On this week’s podcast, Janine Clark discusses her new book Local Politics in Jordan and Morocco: Strategies of Centralization and Decentralization (Columbia University Press, 2018). This book examines why Morocco decentralized while Jordan did not and evaluates the impact of their divergent paths, ultimately explaining how authoritarian regimes can use decentralization reforms to consolidate power.
“Jordan needs a much stronger party system so not everything’s reliant on tribal alliances that sort of transfer resources down. But with the system as it is, there’s no way out of it. And many of [the Jordanian] mayors actually weren’t getting any perks themselves but they were at the whim of other elites who use their connections in Amman to pressure mayors to do things.”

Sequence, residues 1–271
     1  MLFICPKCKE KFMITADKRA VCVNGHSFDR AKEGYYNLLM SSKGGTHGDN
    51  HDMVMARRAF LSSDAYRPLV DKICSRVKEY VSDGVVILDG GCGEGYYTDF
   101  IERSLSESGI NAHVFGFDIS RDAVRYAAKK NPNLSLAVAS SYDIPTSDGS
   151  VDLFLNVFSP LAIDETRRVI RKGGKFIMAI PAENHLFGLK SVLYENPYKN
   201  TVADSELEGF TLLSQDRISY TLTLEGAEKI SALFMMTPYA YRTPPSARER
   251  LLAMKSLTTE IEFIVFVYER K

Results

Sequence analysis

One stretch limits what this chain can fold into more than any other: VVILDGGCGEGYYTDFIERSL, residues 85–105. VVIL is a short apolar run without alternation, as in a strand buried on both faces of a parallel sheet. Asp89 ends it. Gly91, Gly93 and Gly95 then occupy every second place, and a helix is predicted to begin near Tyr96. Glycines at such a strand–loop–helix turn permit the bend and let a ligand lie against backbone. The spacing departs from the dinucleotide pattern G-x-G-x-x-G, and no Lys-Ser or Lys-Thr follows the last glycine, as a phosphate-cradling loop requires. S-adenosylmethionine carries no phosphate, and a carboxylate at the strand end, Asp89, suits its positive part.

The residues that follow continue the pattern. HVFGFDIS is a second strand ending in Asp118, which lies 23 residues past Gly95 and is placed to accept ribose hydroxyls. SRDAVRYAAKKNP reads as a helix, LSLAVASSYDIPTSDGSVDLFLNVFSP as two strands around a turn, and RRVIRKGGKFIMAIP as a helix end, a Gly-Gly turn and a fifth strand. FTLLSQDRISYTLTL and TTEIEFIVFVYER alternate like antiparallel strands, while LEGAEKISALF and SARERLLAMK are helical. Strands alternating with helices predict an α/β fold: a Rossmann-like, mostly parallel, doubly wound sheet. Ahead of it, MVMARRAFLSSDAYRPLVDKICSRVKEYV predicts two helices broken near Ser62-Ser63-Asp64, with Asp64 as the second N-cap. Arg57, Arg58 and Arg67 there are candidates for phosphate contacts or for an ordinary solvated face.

Janine Clark is Associate Professor of Political Science at the University of Guelph. She is the author of Islam, Charity, and Activism: Middle-Class Networks and Social Welfare in Egypt, Jordan, and Yemen (2004) and coeditor of Economic Liberalization, Democratization, and Civil Society in the Developing World (2000).